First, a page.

It’s such an oft-repeated thing it has become common knowledge: Vitamin C is what we need when we are coming down with a cold or flu. Many swear it helps them prevent winter ills; others say it eases and erases symptoms and helps them bounce back if they do get struck down. But what is the truth here? Is vitamin C the cold cure and immunity boost we may believe it to be?
Where did this idea come from?
The link between vitamin C and immunity is well established, in the sense that this is an essential vitamin that we need for the proper functioning of our immune system. Vitamin C plays a role in various processes in the body, including the production of white blood cells and antibodies. Having enough vitamin C in our bodies is important for our overall immune function, and our overall health.
This link was discovered way back before anyone had identified or named vitamins as vitamins, when it was found that sailors in the 18th century could recover quickly from scurvy when they ate citrus fruits, which we now know are high in vitamin C (it took until 1933 for the link to be fully understood).
We now know that this vitamin is crucial for collagen synthesis – it helps our skin heal and helps maintain bone, tendons and blood vessels – and it helps us absorb iron from the foods we eat. It is also an antioxidant, protecting cells from damage caused by harmful free radicals, reducing oxidative stress and promoting overall cellular health.
The idea of supplementing with vitamin C probably came from the fact that it is not stored in the body; we need to get it regularly from what we eat and drink in order to keep our levels up. The ‘insurance policy’ thinking that applies to most vitamins comes into play here: if we’re not getting enough from our food, we reason, why not top up with a supplement?
Do vitamin C supplements help us with colds and flu?
We know vitamin C is good for immunity. It is less clear, however, that supplements help with prevention or symptoms of colds and flu. Despite nearly a century of research, the evidence remains pretty mixed.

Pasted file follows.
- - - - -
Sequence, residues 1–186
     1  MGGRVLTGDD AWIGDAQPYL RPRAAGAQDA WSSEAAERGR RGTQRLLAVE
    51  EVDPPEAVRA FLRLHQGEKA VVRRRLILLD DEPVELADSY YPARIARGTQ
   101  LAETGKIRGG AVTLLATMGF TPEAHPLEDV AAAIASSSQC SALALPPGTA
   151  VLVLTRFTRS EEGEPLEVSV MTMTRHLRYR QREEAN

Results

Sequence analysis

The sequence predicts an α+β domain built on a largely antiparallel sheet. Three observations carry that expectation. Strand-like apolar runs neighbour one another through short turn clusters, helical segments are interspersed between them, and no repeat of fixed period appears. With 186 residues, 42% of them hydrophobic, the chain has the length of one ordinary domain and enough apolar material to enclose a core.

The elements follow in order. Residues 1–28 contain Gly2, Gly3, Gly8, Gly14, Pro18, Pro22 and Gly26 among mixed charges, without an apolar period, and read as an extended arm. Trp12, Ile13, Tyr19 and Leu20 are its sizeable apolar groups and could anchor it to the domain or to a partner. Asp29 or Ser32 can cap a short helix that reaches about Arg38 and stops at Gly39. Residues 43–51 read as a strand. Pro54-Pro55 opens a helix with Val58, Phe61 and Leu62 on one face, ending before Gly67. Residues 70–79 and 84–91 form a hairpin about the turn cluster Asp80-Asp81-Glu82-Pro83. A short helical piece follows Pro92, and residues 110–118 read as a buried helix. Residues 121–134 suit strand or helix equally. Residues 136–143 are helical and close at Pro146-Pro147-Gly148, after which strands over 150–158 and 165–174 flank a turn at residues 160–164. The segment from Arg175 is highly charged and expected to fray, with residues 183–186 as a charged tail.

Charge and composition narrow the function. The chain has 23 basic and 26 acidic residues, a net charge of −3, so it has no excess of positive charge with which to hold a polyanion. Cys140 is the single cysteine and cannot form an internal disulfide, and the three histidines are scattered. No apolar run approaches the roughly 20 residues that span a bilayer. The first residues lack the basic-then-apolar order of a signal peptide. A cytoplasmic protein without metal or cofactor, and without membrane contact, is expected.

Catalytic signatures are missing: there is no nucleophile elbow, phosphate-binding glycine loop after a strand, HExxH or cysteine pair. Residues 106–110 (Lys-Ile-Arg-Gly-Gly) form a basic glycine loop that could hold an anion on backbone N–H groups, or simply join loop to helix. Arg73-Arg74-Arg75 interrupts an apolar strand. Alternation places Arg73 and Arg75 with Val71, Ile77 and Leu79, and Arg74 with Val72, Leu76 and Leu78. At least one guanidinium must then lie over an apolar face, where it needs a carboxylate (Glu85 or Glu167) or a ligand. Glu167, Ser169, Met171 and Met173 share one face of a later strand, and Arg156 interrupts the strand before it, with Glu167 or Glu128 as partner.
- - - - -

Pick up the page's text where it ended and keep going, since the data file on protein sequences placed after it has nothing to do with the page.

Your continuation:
Taking vitamin C regularly as a supplement does not seem to prevent colds or flu in most people. There is an exception: there have been some studies looking at people under extreme physical stress, such as marathon runners and soldiers in sub-arctic conditions, where it was found that if the participants started taking vitamin C two to three weeks before their strenuous activities, their risk of developing a cold was reduced by about half.
For those of us who are not sub-arctic soldiers or marathoners, the evidence in large reviews shows that taking vitamin C does not prevent a cold. However, taking it regularly before you get the cold could shorten the amount of time you will be sick by around 10 percent. So a cold that would have lasted 10 days will be over in nine.
It has also been found that people who always took vitamin C had slightly milder cold symptoms. This seems to be particularly the case for children.
That said, taking vitamin C after your cold symptoms appear probably will not do any good. The evidence shows this does not have any effect on how long you will be ill for.
What about liposomal vitamin C?
Liposomal or lipo-spheric vitamin C seems to be all the rage. It comes with big claims – and a price tag to match. It is a form of vitamin C encapsulated in liposomes (tiny fat-like particles).
pills and multivitamins on a black backgroundPhoto: 123RF
There have been some studies looking at the effectiveness of liposomal vitamin C that suggest it appears to be absorbed better by the body. Whether that translates into any cold and flu benefits is not clear.
Any downsides to taking it?
Taking any vitamin C supplements in very high doses (more than 2000 milligrams a day, which is considered the safe upper limit) can cause diarrhoea and other digestive issues. There is no such risk in the vitamin C you get from food.
The only other downside is really that it is not doing anything, and you are simply excreting any excess in the form of, as nutritionists like to put it, expensive urine.
If not vitamin C… what can I take?
There is no magical thing that will protect us from viral illness (which hopefully we all know by now). But health experts stress that looking after ourselves as well as possible will help our immune system to stay in top shape, so that when we do get hit with a virus, we can handle it OK.
Nutritionist Nikki Hart is of this view, and cautions against singling out one vitamin as the solution.
“Vitamins, minerals, phytonutrients – they all work to repel oxidative damage”, she explains.
“So you can’t just label vitamin C as protective.
She stresses that the best way to get our vitamins – including vitamin C – is through food. Citrus fruit and other colourful fruits and vegetables are all useful here, and getting lots of those on our plates means we will easily hit the recommended daily intakes. Hart said food is best not only because it offers a highly bioavailable form of vitamin C, but we also get other goodies, too, like fibre and other vitamins.
No captionPhoto: Douglas Johns
She also said we need to remember all the things that boost immunity (and many other things too): physical activity, enough sleep, minimising alcohol and not smoking.
“The immune system is bigger than just vitamins and minerals.”
Lastly, there is one old bit of wisdom that might be true: one study found chicken soup is not only comforting, but it might have anti-inflammatory properties that lessen cold symptoms.
In other words, spending the supplement money on fresh produce might be a better, and more enjoyable, way of avoiding or treating a cold.